Wednesday, April 22, 2015

I motorcyclist, and MS Survivor

Howdy. Question: what would you do if someone told you that you had Multiple Sclerosis and there is no cure? July 4, 2009 I found myself pondering that exact situation.

It was difficult to process, I admit. Multiple Sclerosis? MS? Isn't that an acronym for Microsoft? Huh? All I could recall of MS was that one on my mum’s best friends died from it in the late 70s, I knew her and it was terrible.
She curled up into a fetal position over the period of a few years and died from some related, awful complications of her MS. I’m guessing you may not have had a direct experience with it before either, maybe you know someones brother’s missus mum who has it, but that’s about it.

If that's you, here’s the down low: take your immune system and confuse the crap out of it so that it starts attacking itself with alarming and debilitating results.

That’s a really dumbed down summary of a complex disease of course, but it's truly a bugger of a thing no matter which way you look at it. Fortunately there are a lot of great treatments available and I'm up to speed with the best of them. Unfortunately, there are also really aggressive types of MS that can seriously fark.your.shit.up but I'm not in that camp thankfully (touch wood). And of course, no cure. Sad face.

So what is it?

I have what is known as RRMS, Relapsing, Remitting Multiple Sclerosis. In other words, it comes and goes as far as attacks/episodes go, but the symptoms are almost always there. Here is a good explainer video: 

On America's Independence Day 2009, I went from know sweet FA about it to becoming quite the opposite. All of a sudden I needed to know everything about it, what it was going to do to me, what could I do about it, and more importantly - can I still ride?

What happened to you?

My first ‘episode’ was quite specific: it was late June 09 and I woke up with a numb face. Super weirdly, it was specifically numb in odd places. On the side of my face it was about three or four molars on the top left jaw, my left nostril, a patch above my left eyebrow and some of my lower jaw and a bit of my ear lobe. Like I said, very weird.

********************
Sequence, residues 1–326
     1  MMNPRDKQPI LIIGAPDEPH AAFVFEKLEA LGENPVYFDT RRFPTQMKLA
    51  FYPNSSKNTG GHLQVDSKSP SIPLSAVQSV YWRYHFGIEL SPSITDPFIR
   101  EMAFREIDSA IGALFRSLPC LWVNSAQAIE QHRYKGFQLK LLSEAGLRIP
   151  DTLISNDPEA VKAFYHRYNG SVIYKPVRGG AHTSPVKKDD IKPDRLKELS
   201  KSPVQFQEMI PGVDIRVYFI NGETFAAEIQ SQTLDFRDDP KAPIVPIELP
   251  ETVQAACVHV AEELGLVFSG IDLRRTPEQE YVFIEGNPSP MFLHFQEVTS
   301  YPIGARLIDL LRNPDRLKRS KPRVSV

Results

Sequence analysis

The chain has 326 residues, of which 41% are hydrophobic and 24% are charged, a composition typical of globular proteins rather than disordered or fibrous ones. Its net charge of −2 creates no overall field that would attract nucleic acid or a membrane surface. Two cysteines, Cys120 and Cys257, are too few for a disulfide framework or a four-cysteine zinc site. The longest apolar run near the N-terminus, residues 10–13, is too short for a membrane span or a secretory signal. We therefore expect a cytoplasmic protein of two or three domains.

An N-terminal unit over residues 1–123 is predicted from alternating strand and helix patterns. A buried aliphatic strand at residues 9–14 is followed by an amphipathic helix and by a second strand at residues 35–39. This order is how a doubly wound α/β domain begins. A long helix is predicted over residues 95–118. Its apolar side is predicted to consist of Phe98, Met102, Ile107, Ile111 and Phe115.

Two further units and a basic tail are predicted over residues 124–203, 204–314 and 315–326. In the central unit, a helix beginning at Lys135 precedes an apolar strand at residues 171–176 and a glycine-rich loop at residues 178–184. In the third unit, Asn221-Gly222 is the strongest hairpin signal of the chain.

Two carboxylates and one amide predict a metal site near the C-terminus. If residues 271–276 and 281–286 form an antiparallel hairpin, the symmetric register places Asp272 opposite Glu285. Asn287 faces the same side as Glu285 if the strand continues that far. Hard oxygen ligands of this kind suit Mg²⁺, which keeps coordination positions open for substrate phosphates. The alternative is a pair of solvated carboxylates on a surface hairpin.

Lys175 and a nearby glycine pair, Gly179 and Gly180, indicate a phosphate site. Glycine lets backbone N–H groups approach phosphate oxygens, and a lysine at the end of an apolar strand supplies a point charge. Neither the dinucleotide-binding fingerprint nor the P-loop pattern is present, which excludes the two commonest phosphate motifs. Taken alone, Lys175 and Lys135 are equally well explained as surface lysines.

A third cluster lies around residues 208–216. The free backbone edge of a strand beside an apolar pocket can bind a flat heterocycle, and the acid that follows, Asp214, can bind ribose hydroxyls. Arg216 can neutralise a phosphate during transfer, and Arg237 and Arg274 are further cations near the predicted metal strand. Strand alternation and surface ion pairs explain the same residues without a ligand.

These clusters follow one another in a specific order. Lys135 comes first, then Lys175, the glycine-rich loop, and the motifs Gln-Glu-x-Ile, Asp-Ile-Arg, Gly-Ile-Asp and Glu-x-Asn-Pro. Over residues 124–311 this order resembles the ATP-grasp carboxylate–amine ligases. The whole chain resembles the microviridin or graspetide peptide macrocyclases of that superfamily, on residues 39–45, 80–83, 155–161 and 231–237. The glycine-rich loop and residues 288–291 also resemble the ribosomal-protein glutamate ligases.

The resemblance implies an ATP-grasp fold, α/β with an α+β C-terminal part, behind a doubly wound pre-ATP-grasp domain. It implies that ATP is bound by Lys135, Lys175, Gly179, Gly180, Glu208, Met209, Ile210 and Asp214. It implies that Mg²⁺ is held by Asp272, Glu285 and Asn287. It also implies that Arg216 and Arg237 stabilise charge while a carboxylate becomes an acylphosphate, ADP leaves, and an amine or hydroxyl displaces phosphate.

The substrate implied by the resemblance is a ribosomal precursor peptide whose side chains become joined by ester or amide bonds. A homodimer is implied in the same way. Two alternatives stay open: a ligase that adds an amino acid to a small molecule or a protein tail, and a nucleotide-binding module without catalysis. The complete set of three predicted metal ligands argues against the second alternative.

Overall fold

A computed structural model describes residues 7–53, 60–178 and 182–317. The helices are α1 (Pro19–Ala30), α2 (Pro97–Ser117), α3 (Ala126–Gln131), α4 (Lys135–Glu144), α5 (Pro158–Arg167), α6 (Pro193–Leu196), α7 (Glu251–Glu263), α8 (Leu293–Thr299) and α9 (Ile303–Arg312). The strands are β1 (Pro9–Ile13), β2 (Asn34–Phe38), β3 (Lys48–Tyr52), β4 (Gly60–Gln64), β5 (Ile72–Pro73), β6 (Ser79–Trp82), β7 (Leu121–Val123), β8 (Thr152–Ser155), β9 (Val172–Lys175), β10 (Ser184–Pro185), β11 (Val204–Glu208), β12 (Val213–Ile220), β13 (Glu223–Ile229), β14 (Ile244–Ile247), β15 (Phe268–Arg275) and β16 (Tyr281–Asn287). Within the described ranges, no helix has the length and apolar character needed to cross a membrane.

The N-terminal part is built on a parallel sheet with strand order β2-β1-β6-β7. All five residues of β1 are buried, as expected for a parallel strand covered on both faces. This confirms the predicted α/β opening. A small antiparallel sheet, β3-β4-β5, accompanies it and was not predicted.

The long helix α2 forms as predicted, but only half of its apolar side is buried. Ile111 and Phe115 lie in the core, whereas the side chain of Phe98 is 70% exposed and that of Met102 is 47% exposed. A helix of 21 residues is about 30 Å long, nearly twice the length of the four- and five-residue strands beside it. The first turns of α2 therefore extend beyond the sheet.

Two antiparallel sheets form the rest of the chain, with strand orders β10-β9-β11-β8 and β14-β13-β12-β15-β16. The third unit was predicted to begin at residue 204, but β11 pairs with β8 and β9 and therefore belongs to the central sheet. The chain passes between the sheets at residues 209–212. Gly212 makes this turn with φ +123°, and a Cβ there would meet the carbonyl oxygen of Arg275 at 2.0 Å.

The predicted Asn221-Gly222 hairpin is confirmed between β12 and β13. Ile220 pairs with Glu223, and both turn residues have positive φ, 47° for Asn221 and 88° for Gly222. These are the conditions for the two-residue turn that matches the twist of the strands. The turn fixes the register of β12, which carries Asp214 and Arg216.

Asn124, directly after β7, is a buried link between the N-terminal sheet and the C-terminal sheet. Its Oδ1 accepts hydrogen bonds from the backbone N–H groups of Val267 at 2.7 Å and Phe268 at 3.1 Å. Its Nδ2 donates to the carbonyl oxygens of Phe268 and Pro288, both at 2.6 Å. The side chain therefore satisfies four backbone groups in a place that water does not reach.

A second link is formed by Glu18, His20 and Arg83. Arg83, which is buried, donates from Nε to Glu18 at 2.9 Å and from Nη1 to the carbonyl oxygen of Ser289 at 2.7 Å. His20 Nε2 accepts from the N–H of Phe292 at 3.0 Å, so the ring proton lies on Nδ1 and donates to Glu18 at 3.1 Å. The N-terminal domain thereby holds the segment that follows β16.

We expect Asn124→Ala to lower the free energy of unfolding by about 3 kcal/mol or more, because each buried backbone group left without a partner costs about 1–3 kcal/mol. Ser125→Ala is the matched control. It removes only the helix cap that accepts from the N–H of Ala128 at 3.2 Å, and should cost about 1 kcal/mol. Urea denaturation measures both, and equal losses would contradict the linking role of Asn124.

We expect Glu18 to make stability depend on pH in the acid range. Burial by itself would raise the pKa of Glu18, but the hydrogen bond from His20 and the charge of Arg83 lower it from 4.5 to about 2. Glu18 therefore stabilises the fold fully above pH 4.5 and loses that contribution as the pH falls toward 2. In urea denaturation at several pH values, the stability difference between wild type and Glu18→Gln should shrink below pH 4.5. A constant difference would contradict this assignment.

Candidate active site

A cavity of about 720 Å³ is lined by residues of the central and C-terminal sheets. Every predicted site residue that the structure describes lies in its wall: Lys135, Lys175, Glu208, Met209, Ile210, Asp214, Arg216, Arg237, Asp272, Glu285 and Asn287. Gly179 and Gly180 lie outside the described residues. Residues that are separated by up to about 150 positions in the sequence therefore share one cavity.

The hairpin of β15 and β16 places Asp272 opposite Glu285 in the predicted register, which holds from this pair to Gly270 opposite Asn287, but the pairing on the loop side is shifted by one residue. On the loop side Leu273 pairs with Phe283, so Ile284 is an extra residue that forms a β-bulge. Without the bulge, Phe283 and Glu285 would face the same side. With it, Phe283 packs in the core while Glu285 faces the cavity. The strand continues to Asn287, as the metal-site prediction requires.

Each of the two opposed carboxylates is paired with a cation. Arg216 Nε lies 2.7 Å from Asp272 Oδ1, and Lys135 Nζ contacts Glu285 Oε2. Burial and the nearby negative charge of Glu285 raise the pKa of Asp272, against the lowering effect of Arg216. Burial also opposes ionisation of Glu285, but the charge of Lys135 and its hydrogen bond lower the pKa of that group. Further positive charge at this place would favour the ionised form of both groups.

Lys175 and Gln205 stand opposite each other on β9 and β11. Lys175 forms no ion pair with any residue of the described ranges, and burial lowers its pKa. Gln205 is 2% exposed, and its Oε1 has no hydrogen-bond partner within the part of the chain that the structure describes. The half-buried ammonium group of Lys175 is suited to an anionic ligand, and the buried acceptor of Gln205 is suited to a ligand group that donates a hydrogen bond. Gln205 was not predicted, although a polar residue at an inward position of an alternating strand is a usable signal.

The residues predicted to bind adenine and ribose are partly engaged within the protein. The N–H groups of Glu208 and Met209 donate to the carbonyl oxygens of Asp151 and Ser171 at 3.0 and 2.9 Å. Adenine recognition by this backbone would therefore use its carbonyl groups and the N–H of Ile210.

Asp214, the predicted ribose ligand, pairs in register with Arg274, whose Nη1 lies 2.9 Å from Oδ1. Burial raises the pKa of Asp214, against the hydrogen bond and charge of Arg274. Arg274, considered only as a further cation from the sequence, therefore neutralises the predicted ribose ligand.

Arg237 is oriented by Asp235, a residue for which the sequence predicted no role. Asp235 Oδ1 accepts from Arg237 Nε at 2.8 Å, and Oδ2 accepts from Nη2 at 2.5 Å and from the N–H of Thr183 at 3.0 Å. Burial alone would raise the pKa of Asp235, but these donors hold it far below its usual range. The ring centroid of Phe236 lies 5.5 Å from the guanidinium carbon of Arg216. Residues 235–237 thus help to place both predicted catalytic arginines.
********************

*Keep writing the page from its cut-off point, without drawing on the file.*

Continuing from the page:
That lasted about six weeks and I was diagnosed by a wizard and Neurologist, who resembled Gandalf the Grey. Seriously, that dude spoke like Yoda and looked like Gandalf. I think it might be a particular trait of Neurologists. Jump forward six years, 12 MRIs (an xray of sorts) and a whole bunch of different DMDs (Disease Modifying Drugs) that look to slow the progress of the disease, and I’m still here and still riding almost every day, so it could be worse.

Why are you telling me this?

To be honest, I think I've been in denial and I've heard that is common among MS sufferers. Of course my friends and family know but mostly it's something I keep to myself and maybe that's not the way to approach it. It's important to raise awareness of this disease that affects some 20,000 odd Australians, and millions more world wide, because we need a cure.

It’s an awful and often isolating disease with symptoms that range from pain (pins and needles in legs/hands for me) and fatigue (I call that one the lead waistcoat) to mobility issues (stumbling and tripping are common) and cognitive difficulties (brain fog, losing thoughts mid thought, memory loss) and a whole range of other fun stuff.

Think of these things as Mode buttons on a motorbike. Engage Fatigue Mode and it's time for a feet up rest, and there ain't nothing you can do about it but rest up. I've had, or suffer from, all of those things in different doses at different times, but I’m doing my utmost not to give in to it.

What am I doing about it?

I'm trying to live a healthy life as much as I can now, and I have treated my body like shit over the years so I gave up drinking, I (mostly) stopped smoking darts, I eat well now, try to exercise regularly (mostly walking the dogs and of course, RIDING).

There is the ongoing DMDs and MRIs as well, and pretty close relationships with people that have lots of letters after their names and charge a lot of money. The strange thing is that I look pretty normal.

No one would know I have this thing unless I told you, or perhaps you put me under surveillance for 48 hours and noticed that I'm almost always napping on the couch around 3pm :) I struggle with the whole unknown thing - that really bugs me. Not one specialist can say how it will progress for me, and everyone is different.

My case is apparently mild and was caught early, so my prognosis is good. I have not relapsed or had a major attack in the six years following my diagnosis, but the symptoms wear you down. I have good days, and not so good days.

Even so, I wish I could do more to give back for all the help and support I've received so far, like fellow blogger, MS survivor and motorcycle rider Long Haul Paul who is travelling one million miles for MS, but I’m a terrible public speaker and find it an awkward conversation to have at the best of times. Writing about it is easier. So...

What can you do about it?


I've decided to donate part profits from all sales on Daily Bikers Shop to MSRA - who are targeting prevention, better treatment and a cure for MS. It's not a lot of money right now, but it's a start. I feel like that is something tangible I can do. It means that if you purchase anything from me, you'll also be helping fund MS Research through my donations too.

I'll add a Donations page soon so that you will be able to keep tally on donations made. Please share this post with your family and friends or anyone you know who suffers from MS. Let them know they are not alone, and it doesn't mean you'll end up in a wheelchair, there is hope, treatments and of course, riding is the best therapy! Until next time, stay upright people.

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